Sunday, 29 March 2015

Pictures at an Exhibition - Emerson, Lake and Palmer

Well not quiet, but more a chance to share my experiences
of yesterday via this 'extra' Post which is by way of a 
PICTORIAL.  
 Out on the wiley, windy moors
We'd roll and fall in green.

but first of all an amendment
I can very much live with my cock-ups and foibles, but when one presents itself just moments after a Master Class on a particular subject it is a little less easy to swallow! It was only a matter of days ago an excellent image of a Tawny Pinion Moth was received which was studied gleefully. So why then when one was caught just 2 days later was it identified and published as PALE Pinion? Answers on a Post card. Anyway, this is not a Pale Pinion but a
TAWNY PINION
with the appropriate amendment having been made to that Post.
"Must Try Harder"! 
It wasn't inspiration that set me off (there's never any shortage of that in Wildlife) but stood there watching and listening to 'roding' Woodcock at dusk on Thursday it was decided to confine my wandering of the following day to the nearby Heathland Habitat. Just to dwell on those enigmatic, nocturnal Waders for a moment, at that time of day their presence is firstly betrayed by a high pitched, Sonar like 'ping' followed by a prolonged quiet growl which sets their throat and flank feathers vibrating. With bills pointing ground-wards and at breakneck speed they occasionally 'fan' tail feathers and trail their legs. Good job there was no invitation to dinner that evening - I would have been Absent From Place of Duty, and we all know what that means!
WOODCOCK
image for illustration purposes without permission from Wikipedia.
Prior to that, and as announced in the Stop Press of the Last Post, there was also an afternoon highlight during a short break between wanders. Sat comfortable in Slight Return II a flash past the window had me jumping to my feet, grabbing the camera and once again heading for the Great Outdoors. There, for no more than one minute was our first
HOUSE MARTIN
of the year. It remained in flight throughout and disappeared as quickly
as it had arrived with the archive photograph again just for illustration.
Regardless of the temptations ahead, we cannot forsake the Moth Traps
even though they only contained species which have been caught previously.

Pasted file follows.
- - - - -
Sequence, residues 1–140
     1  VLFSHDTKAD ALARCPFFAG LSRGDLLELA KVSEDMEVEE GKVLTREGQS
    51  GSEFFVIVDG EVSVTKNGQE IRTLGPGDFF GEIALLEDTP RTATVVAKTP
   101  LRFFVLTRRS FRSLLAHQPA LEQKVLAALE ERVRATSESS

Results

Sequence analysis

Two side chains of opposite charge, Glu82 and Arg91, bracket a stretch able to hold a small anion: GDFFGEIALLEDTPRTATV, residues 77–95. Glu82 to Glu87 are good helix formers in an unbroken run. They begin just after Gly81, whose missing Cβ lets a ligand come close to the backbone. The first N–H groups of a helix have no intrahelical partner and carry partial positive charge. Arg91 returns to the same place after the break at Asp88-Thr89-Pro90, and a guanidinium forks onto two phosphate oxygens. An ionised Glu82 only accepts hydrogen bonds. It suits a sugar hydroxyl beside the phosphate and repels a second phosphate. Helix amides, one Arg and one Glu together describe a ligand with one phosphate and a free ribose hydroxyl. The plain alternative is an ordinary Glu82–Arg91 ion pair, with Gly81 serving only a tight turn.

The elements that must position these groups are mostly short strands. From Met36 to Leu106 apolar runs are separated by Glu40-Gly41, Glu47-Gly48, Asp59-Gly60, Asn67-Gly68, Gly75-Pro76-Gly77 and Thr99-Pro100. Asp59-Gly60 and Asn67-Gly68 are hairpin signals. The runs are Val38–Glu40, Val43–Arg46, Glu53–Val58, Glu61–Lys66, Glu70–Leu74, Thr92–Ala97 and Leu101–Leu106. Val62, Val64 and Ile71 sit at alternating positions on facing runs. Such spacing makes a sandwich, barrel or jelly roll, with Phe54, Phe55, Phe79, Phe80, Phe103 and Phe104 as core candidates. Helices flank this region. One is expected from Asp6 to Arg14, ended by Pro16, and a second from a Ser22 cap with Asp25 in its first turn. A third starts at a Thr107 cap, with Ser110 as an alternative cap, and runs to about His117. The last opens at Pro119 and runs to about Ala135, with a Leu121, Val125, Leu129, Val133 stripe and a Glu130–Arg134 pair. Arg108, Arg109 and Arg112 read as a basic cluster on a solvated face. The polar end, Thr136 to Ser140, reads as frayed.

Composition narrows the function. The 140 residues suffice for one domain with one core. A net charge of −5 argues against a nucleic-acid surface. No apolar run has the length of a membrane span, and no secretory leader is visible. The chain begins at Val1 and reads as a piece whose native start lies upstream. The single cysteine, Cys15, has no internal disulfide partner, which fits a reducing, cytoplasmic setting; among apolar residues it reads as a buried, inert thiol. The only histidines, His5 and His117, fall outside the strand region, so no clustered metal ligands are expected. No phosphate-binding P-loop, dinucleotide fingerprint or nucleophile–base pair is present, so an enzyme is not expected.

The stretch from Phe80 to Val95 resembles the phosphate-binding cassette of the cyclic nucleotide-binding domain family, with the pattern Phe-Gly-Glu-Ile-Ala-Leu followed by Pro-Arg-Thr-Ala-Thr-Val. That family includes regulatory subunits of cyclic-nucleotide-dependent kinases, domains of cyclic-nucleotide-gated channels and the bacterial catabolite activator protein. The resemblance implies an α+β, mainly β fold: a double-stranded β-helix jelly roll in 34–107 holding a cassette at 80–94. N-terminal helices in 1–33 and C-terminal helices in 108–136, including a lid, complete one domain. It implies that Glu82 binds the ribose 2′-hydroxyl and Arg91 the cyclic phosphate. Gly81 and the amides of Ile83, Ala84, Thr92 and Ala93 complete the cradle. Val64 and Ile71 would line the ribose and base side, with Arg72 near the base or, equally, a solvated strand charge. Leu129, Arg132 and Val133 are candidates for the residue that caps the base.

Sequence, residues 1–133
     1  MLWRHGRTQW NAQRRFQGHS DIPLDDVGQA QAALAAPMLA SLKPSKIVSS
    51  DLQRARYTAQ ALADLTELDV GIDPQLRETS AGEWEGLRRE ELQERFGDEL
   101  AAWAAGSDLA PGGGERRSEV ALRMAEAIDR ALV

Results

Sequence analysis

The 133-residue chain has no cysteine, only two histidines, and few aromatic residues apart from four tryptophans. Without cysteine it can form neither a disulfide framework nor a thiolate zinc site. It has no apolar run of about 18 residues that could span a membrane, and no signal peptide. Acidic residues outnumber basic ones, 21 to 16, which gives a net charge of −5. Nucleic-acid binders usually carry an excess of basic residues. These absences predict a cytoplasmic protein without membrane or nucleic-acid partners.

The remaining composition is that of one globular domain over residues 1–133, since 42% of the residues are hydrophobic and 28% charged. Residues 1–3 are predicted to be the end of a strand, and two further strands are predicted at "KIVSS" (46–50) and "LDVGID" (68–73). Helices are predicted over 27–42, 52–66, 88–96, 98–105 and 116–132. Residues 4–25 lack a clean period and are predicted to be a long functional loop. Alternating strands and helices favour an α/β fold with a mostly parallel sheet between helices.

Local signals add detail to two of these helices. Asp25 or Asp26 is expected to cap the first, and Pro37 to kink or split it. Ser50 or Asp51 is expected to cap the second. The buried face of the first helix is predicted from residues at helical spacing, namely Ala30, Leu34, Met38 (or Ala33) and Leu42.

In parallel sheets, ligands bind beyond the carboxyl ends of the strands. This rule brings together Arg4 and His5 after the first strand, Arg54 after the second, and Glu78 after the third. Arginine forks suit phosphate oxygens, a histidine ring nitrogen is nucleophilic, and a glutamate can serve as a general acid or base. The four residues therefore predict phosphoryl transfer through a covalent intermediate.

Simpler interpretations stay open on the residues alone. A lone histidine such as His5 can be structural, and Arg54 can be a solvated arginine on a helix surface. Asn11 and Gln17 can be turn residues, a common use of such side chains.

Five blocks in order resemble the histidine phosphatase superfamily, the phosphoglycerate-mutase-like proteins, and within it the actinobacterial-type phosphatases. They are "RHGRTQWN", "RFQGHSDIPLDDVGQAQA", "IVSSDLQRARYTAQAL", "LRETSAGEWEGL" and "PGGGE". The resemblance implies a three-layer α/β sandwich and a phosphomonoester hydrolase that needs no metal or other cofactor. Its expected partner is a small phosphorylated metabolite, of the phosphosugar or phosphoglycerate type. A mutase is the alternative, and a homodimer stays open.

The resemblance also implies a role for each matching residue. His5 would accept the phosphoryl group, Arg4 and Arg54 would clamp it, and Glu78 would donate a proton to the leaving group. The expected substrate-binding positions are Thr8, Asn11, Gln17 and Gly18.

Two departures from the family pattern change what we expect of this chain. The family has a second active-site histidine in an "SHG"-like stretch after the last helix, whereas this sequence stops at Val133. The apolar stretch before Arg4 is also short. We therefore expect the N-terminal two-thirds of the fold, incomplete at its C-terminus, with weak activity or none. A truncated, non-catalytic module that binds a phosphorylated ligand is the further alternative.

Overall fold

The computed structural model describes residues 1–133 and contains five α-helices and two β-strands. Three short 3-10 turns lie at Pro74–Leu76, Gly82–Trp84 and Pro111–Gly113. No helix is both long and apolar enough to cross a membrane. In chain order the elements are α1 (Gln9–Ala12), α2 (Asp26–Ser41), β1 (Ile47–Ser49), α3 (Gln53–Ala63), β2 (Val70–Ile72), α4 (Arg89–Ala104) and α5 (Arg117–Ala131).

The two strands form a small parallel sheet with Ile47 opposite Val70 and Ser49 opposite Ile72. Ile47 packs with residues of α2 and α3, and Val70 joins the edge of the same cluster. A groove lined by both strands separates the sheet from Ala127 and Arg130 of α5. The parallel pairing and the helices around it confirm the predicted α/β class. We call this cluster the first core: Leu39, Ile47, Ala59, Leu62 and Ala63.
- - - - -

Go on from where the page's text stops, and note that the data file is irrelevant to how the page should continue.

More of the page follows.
COMMON QUAKER
 HEBREW CHARACTER
 SMALL QUAKER
 EARLY GREY
YELLOW HORNED
and delayed even further at Parley Pond.
It would seem that Lightning had struck Twice as a further c2
GREYLAG GEESE
where in one of the Horse Paddocks close by.
Anyroad, we got there in the end and while the camera
doesn't do the terrain much justice, this was to be my workshop
for at least the rest of the morning.
My 4 Mates, the
GALLOWAY COWS
were already chewing their way through more Heather and Bristle Bent
Grass as the first gentle 'scratching' call of a
DARTFORD WARBLER
was heard and quickly located.
A male 'displaying' (note the slightly outstretched wings) this being
the only one of about 2 dozen shots to show this.
Calls and song were coming from all directions so what was needed
was to station the Best Bird Hide in the World strategically.
The ST'RANGE ROVER
is a perfect hide as mobile, comfortable and no annoying 'bird watchers'
waxing lyrical about the last sodding Starling they saw in Aberystwyth.
Much beneficial clearance work has been done here over the winter
period, rooting out invasive Trees and Gorse, so it was very easy to find a car park.
Having set up stall, another Dartford, then another and another.
During the full morning there were considered to have been c15
distinct and different individuals seen.
Enter the
GREENFINCH
What a large bird they look in 'display flight'.
Again just about 'puffing' its wings but the main action was missed.
MEADOW PIPIT
are now well into their display flights here.
Rising to altitude
before descending 'directly' back to earth
while extending their breasts.
Would seem the 'flocks' of
LONG-TAILED TIT
once ranging widely and numerous across the Farm
have now dispersed,
with just c2 (pair?) found here on the Heath
where previously there were a dozen or more.
Distracted momentarily, there is now a need to keep an eye on these
Aircraft Hanger Roofs
since Dave Foot pointed out the build up of Gulls there on his recent last visit.
HERRING GULL
are most numerous, but there have also been c4 Lesser Black-backed
and a single Greater Black-backed Gull showing interest.
Anecdotal evidence shows that Herring at least have bred here in the past.
During the distraction this Passenger Jet was preparing for take-off,
so we are able to bring you a
2006 - DASSAULT FALCON 2000EX
You don't go far here, even on the Heath, without a
ROBIN
being in attendance - MAGIC!
Without the foot on the accelerator there is enough motion to
get close'ish to the next bird
STONECHAT
but not as close as the Dartfords had been,
oh look, there's another!
and another
Stonechat
and another
Dartford
and another, OK that'll do!
Exiting the Heath and heading for the Sewerage Works
this was just one of c8
COMMON BUZZARD
on the wing together and at great height.
First to be heard at the new site was a very vocal, but not at all trusting
Willow Warbler
however this looked more like a Chiffchaff to me of which
there are now quite a lot.
The first
COMMA BUTTERFLY
of the Year was good to see but we were still trying for the
Vocal Warbler
all and any opinions would be most welcome.
This is all we got of a lone but noisy
NUTHATCH
but there was just slightly better success with this clump of
RED DEAD-NETTLE
Hope you enjoyed this Extra Post, now watch them play.
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